Man Leaves Old Potato In Huge Stack Of Hay In Attempt To Pull Off An Unusual Transformation

November 19, 2019 By admin

Man Leaves Old Potato In Huge Stack Of Hay In Attempt To Pull Off An Unusual Transformation

Many people think about growing their very own garden with vegetables and fruit, but most of us never actually go through all of the work necessary to make that dream come true. The reality is, in the long run, after you put in the work, you’ll get a lot of produce (and enjoyment) out of it.

Fortunately, one person has come up with a super easy way to make a garden full of fresh potatoes a reality. Now that you don’t have to go through with the hard work, there’s really no reason not to grab your gloves, pick up a shovel, and get to gardening!

If you’ve ever dreamed of having your own lush backyard vegetable garden — but you don’t have much of a green thumb — there’s a project out there just for you. And the best part? It’ll yield actual, tasty results!

Thanks to Laurie Ashbach’s simple DIY project, you’ll be a gardener in no time. You’ll require only the following: four fence posts, an eight-foot section of wire, a wire cutter, straw, compost, bags of dirt, and “seed” potatoes to start. Are you ready?

Place your posts firmly into the ground so that your finished product can support your potato tower. Then, bend the wire around it to form a cone. Cut the wire as needed so that you get a clean edge to attach to.

Now that your potato tower exoskeleton is assembled, place the hay in the center of the structure. Make sure to keep it neat because this is where you are going to plant your potato garden. Only fill it with hay about 3/4 of the way.

Carve out a nest-like space in the middle of the hay, moving it up the sides so that there’s a hole in the middle. Then, fill the hole with compost. That’s how your potatoes will get their nutrients.

Try and get potatoes with at least four eyes (those little sprouting pieces that you typically cut off when cooking). The eyes are actually going to be helpful here because they’re the key to growing fresh, new potatoes!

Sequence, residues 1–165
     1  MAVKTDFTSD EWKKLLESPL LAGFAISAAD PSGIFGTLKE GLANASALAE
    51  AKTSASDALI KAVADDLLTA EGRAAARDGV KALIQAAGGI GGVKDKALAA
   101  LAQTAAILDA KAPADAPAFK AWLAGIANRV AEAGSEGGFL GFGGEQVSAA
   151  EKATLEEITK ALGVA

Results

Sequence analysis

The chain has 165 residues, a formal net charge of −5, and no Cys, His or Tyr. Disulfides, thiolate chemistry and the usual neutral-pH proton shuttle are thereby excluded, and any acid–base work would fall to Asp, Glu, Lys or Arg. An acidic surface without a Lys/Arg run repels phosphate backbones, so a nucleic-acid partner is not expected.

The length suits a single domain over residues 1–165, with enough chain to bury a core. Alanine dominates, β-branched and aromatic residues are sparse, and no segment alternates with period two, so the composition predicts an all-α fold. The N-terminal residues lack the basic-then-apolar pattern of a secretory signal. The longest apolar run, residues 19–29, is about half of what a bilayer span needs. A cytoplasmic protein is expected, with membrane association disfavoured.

Then slice the potatoes in half, making sure each half has at least a few eyes on it. This will help you get the most out of each potato! Then, place them inside the compost, nestling them so that they’re buried inside.

Not sure how many potatoes to plant in each tower? Laurie provides a handy guide: “I started with two pounds of potatoes, which translated to eight medium potatoes with about four eyes each, which meant there were 36 eyes total to plant.”

Now, all you need to do is water your potatoes, sit back, and relax. After planting her potatoes at the beginning of June, this was Laurie’s potato tower by July 4. See how green and bright Laurie’s leaves are?

Not too shabby, huh? Here’s a nice closeup shot of the budding potato plant’s flowers. Unfortunately, these buds won’t produce potatoes. They just show that the plants have really taken root and are flourishing.

Though potatoes are a pretty hardy vegetable, they will need lots and lots of water. Loose, well-drained, and consistently watered soil is, ultimately, a potato’s best friend! Make sure to cover up the roots with loose dirt to prevent sunburn.

Depending on where you live, your potatoes might require an irrigation system. Your potatoes need 1-2 inches of water each week. A soak hose allows you to water from the ground up, helping to eliminate fungi.

Congratulations! You should expect to have a nice crop within two-and-a-half to three months! Hope you’re in the mood for French fries! Make sure to harvest on a dry day so you can easily shake the potatoes loose.

Once growing season begins to wind down and the vines die — about late August — you likely won’t need to water the soil as much. Laurie also advises not to water the potatoes close to your harvest, so as to avoid digging through mud.

Uh…YUM! What could be more satisfying than a basket full of food that you have grown yourself? Not only are homegrown potatoes friendlier on your wallet, but they’re healthier since you don’t have to worry about cross-contamination or pesticides.

Storing your extra potatoes in a cool, dark, and dry place will help preserve them. You’ll want to avoid storing them anywhere next to apples, as the fruit’s ethylene gas can spoil your potatoes. Another tip to remember? Don’t wash your potatoes until right before you use them!

It’s also worth noting that while starchy spuds don’t always have the best reputation as a nutritious option, they truly have loads of health benefits. A potato naturally is just 110 calories. Without toppings, they contain no fat, cholesterol, or sodium!

Ready to get started with your own potato farm? Don’t be afraid to make more than one potato tower if you have space! These contraptions are so easy to maintain, you will have time to test out a ton of other brilliant gardening hacks.


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